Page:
The first criteria was met because, as noted earlier, the court had found that the right that Ren Jiayu was asking the court to protect in this case was not covered by existing rights such as the right to reputation or the right to name.

As for the second and third criteria, the court found that Ren Jiayu arguably did have an "interest" in this case, because there was potentially a direct connection between Ren Jiayu and the information that he wanted "forgotten," to the extent that it could have an adverse impact on his professional reputation, which in turn could jeopardize his ability to recruit students and enjoy other employment opportunities and economic interests.

The court held, however, that Ren Jiayu's "interest" in having information "forgotten" was not "legitimate and requiring the protection of the law."
It is inappropriate to make an abstract assessment of whether a company's reputation is good or bad, or the cause-and-effect relationship a company's reputation may create. Furthermore there is also the latent competitive relationship between Ren Jiayu and Taoshi Education's affiliated enterprises given their operate in identical or closely-related professions. As regards the latter, the information at issue in this lawsuit regarding Ren Jiayu's work history relates to very recent events, and he continues to work in the business administration education profession. This information happens to form a portion of his professional history, and his current individual professional credibility is both of directly relevant and of ongoing concern. Ren Jiayu hopes to make use of his own good reputation in the industry to attract customers and students going forward, but information about his personal qualification is important information that customers and students rely on in making a judgment. Ren Jiayu's collaboration with Taoshi Education affiliated enterprises did not occur at a time when he was a minor or a person with limited or non-existent competence, and there existed no other legal basis for providing special protections to him as a member of a special group. 

Thursday, May 5, 2016

Party Puts Ren Zhiqiang on One Year Probation for Online Posts

On March 1, 2016 the state sponsored China Daily published an article entitled “Beijing CPC Committee Vows Punishment for Ren Zhiqiang.” Some excerpts:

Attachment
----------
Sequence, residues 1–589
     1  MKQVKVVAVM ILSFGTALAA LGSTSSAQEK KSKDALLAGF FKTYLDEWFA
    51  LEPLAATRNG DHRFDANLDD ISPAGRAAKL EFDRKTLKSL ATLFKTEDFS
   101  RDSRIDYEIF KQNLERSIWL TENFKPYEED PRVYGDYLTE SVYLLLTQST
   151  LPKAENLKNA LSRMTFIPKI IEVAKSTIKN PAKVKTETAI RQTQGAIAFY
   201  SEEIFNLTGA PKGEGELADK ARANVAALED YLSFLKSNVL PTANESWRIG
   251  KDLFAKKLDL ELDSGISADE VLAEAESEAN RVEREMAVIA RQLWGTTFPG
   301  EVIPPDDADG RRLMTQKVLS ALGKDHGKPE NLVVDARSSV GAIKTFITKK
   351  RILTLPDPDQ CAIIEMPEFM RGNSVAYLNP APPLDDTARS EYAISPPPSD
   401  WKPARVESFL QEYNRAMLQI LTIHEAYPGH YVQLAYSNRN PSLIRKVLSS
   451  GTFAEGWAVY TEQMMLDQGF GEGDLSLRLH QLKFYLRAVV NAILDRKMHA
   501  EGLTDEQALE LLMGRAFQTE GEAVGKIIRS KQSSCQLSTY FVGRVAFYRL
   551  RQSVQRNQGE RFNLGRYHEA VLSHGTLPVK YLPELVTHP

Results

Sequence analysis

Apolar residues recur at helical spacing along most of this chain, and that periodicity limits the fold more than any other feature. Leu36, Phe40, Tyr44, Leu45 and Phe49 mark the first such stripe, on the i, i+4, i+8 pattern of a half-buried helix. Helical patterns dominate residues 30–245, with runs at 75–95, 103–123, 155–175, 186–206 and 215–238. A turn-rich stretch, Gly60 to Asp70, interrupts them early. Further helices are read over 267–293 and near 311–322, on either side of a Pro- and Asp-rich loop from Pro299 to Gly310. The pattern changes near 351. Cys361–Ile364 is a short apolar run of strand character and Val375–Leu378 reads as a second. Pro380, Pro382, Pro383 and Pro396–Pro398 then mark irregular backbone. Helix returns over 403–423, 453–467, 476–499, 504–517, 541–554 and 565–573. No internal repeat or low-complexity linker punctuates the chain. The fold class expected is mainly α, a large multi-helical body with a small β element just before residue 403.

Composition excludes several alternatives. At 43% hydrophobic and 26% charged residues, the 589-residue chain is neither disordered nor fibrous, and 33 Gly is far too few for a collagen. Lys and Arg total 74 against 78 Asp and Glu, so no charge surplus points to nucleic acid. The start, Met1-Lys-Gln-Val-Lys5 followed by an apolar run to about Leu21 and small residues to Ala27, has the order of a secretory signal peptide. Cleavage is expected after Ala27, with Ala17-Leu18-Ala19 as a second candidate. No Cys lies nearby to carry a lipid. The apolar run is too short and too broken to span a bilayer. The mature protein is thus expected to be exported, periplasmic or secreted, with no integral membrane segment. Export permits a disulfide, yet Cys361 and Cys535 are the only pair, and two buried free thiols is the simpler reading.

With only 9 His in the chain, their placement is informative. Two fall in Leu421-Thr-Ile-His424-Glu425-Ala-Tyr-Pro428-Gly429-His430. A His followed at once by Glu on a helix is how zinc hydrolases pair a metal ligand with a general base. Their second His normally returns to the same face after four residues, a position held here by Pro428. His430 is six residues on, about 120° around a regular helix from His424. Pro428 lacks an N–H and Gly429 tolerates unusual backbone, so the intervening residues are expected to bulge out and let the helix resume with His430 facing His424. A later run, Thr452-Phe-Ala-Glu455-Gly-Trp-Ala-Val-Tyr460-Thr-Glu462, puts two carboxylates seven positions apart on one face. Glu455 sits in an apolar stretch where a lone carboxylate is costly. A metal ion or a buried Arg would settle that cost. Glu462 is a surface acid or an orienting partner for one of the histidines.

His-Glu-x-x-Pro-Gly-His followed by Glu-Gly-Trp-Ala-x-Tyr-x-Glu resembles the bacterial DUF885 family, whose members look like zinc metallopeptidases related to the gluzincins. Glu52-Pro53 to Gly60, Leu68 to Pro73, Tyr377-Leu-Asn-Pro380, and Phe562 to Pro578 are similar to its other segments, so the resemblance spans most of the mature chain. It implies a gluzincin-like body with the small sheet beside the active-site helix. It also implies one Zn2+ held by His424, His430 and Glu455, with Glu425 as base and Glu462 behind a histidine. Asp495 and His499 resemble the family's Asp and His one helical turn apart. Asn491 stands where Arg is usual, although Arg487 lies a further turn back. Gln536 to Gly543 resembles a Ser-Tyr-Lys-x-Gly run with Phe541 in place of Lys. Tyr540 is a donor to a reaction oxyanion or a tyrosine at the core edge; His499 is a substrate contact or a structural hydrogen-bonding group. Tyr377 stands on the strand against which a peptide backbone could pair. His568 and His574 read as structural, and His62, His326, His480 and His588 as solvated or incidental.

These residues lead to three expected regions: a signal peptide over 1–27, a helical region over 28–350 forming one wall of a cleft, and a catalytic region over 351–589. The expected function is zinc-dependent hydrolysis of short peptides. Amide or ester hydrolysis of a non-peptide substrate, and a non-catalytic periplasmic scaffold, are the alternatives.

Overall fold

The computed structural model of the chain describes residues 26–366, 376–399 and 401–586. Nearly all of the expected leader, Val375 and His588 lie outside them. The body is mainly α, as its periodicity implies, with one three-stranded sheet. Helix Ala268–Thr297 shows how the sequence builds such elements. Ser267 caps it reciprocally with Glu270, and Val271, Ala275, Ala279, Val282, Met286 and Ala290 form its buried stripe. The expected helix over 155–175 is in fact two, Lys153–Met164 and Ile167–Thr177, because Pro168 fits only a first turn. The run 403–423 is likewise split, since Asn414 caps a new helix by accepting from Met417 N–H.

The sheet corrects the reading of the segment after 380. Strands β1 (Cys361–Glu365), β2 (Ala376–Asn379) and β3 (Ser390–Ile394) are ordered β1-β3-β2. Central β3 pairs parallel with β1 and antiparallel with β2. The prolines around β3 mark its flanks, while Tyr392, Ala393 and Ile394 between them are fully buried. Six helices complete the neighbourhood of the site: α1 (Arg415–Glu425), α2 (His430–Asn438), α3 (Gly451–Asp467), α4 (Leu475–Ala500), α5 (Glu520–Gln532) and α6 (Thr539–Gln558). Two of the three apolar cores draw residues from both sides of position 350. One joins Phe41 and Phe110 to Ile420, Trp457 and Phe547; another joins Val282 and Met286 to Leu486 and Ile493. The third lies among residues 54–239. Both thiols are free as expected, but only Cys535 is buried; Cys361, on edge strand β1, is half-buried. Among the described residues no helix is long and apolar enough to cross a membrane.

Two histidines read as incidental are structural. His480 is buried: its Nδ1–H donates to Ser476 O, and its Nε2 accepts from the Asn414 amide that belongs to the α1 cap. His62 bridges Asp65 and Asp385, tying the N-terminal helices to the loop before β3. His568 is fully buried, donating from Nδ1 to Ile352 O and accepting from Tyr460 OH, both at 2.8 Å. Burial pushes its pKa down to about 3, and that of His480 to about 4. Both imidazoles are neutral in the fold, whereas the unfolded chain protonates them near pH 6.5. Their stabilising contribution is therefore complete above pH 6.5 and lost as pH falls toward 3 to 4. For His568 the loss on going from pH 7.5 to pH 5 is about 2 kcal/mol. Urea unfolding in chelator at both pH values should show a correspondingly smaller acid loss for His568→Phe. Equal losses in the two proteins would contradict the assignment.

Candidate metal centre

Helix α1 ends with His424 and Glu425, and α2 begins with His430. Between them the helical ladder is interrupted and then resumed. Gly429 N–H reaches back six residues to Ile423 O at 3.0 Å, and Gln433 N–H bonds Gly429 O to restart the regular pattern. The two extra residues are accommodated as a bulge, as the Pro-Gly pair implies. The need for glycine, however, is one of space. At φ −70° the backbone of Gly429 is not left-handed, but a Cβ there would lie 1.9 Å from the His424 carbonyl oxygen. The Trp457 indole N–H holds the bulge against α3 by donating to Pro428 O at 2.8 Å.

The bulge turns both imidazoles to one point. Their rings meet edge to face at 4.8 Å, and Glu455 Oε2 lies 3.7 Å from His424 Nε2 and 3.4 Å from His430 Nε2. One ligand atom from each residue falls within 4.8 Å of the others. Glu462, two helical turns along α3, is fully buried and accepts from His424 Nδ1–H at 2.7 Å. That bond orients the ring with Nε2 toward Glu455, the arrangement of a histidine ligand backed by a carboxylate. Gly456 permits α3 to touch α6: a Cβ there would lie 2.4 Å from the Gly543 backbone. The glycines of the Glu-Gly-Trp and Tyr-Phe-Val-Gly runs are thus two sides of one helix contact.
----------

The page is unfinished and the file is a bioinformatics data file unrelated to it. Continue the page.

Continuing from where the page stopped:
A Beijing district committee of the Communist Party of China (CPC) pledged severe intraparty penalties for Ren Zhiqiang, a celebrity blogger and property developer whose accounts were closed for allegedly spreading illegal information.

The Xicheng district committee of the CPC on Monday issued a circular saying Ren, "as a CPC member, has been releasing illegal information and making inappropriate comments online, resulting in a vile influence and damage to the party image."

The committee, where Ren's CPC membership is registered and managed, said it would punish him strictly according to party rules.
On March 4, 2016, the official website of the Beijing Xicheng District government published a notice entitled "The Fourth Party Branch of Beijing Xicheng's Department of Security Oversight Launches Study Project on Party Political Discipline and Political Norm Compliance" (西城区安全监管局第四党支部开展遵守党的政治纪律和政治规矩专题学习). Here is a full translation:
Recently, the Fourth Party Branch of Beijing Xicheng's Department of Security Oversight launched study project on Party political discipline and political norm compliance. They communicated the major themes of the "Beijing Xicheng Party Central Committee Notice Regarding Correctly Recognizing Ren Zhiqiang's Severe Discipline Issues, and in addition organized study sessions of the "Central Party's Eight Rules," "Chinese Communist Party Standards for Honesty and Self-discipline," and "Regulations on Chinese Communist Party Disciplinary Sanctions." Through these study sessions, vast numbers of cadres were abel to correctly recognize the problems associated with Ren Zhiqiang's severe violations of Party political discipline, draw lessons from the instruction, and learn a great deal. Their consciousness of discipline compliance and norm compliance was strengthened, particularly as it relates to insisting upon prioritizing the Party political discipline and political norms, remaining steadfastly idealistic, and maintaining a firm political stance, building a firm political conciseness, and an awareness of the overall situation, the bottom lines, the model behaviors, and the red wall [N.B. - a reference to Zhongnanhai], as well as the need to maintain a high degree of consistency with the central Party in their thoughts, politics, and deeds.